the north face messenger bag ink display makes your phone case smarter
The proof of concept prototype was demonstrated in a research paper this week. As Neowin reports, the possibilities afforded by “FlexCase” are currently being investigated by Microsoft Research, the Media Interaction Lab at the University of Applied Sciences in Upper Austria and the Institute of Surface Technologies and Photonics at Joanneum Research.
The FlexCase, should it ever hit the market, would transform your phone’s case into a kind of secondary display for the handset. It would be like a more powerful version of existing smartphone cases that let you interact with the device, such as HTC’s Dot View cover for Android devices.
The FlexCase’s flexible E ink screen makes it more versatile than current efforts. It can be used purely as a display or also as an additional input method, featuring multitouch support to act as a companion to a smartphone’s primary screen.
FlexCase’s final piece of functionality is the most unique. The case is able to detect the way in which it is being flexed and use this information to send commands to the device. Depending on how you flex your phone’s case as you open it, the device could jump straight to a specific app.
The project aims to make your phone’s case more functional. Cases can keep smartphones protected from scratches, scrapes and knocks but hide the display in the process. FlexCase would keep you alert to notifications and allow you to access the phone as quickly as without a case, opening an app or performing a quick action as you open it up.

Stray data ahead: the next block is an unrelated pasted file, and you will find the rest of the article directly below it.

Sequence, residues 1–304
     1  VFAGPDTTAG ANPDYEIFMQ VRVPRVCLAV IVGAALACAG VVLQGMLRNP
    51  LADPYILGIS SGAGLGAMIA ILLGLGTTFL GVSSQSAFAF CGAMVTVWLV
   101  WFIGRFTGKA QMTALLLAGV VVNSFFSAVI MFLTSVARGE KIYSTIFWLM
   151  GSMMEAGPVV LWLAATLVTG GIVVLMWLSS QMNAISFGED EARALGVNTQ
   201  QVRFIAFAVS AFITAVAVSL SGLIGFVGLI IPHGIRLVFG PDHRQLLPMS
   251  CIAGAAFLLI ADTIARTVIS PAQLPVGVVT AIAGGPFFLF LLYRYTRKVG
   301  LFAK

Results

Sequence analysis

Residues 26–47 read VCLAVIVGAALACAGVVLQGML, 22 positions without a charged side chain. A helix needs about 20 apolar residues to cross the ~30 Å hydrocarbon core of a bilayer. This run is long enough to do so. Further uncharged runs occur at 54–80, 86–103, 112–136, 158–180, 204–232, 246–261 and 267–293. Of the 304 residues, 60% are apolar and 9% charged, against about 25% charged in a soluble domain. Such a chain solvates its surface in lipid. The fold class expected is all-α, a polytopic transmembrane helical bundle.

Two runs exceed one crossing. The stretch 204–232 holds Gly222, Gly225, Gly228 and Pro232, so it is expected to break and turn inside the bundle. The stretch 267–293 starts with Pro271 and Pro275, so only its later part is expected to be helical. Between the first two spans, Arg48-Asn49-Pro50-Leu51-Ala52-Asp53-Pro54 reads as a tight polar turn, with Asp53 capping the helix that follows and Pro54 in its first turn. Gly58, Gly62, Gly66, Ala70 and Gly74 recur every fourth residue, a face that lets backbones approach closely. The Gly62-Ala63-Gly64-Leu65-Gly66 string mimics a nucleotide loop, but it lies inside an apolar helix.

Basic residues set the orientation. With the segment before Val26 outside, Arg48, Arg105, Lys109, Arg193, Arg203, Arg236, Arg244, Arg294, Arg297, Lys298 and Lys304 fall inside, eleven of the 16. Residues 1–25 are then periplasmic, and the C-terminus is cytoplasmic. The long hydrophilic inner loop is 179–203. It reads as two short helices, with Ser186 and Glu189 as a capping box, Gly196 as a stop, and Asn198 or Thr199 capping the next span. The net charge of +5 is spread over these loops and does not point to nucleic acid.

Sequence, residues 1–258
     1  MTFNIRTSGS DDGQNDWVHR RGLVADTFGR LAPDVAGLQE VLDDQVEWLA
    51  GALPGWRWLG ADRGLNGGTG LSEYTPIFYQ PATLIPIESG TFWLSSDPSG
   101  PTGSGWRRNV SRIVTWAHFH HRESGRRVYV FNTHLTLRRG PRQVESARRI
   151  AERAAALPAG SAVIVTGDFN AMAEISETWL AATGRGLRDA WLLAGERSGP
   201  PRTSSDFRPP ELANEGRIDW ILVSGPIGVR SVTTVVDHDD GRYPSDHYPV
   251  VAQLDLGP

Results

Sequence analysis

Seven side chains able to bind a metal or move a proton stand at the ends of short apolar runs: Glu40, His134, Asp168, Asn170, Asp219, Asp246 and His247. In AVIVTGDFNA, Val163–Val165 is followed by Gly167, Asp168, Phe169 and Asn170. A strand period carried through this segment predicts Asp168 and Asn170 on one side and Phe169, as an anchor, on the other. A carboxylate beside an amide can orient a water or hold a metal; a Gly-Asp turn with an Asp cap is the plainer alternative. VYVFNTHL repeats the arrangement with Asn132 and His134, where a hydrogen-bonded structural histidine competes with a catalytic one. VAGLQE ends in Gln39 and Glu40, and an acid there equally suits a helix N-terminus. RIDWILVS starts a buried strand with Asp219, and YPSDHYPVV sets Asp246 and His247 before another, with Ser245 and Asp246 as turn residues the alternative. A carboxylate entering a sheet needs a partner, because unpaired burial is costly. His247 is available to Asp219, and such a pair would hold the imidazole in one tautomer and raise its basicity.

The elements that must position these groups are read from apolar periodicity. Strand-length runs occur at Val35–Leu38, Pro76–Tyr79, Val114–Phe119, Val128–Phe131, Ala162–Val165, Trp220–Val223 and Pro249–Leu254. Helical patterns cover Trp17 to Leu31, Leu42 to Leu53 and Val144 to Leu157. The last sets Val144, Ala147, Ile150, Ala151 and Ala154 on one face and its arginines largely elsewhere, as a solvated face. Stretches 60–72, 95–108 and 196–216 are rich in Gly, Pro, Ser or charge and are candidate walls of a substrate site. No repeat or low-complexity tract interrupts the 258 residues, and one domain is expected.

“FlexCase is a novel ip cover for smartphones, which brings flexible input and output capabilities to existing mobile phones,” the researchers said in the paper.
“It combines an e paper display with a pressure and bendsensitive input sensor to augment the capabilities of a phone. Due to the form factor,
FlexCase can be easily transformed into several different congurations, each with different interaction possibilities. We can use FlexCase to perform a variety of touch, pressure, grip and bend gestures in a natural manner, much like interacting with a sheet of paper.”
The research team have considered three different forms of FlexCase. In “book” mode, it would act as a secondary navigation screen, displaying route information alongside a map on your phone. As a “laptop,” the cover would act as a touchpad and in “backside” mode it could be used to control the device without covering the display.
For now, FlexCase remains an intriguing proof of concept. Microsoft may choose to cease development of the project before it gets close to reaching the market. In the past, smart phone covers have failed to gain significant market traction, in part because their technology makes them more expensive than a standard model. This will be another issue Microsoft will need to consider for FlexCase to be a success, although there is currently no indication this will be a commercial product anytime soon.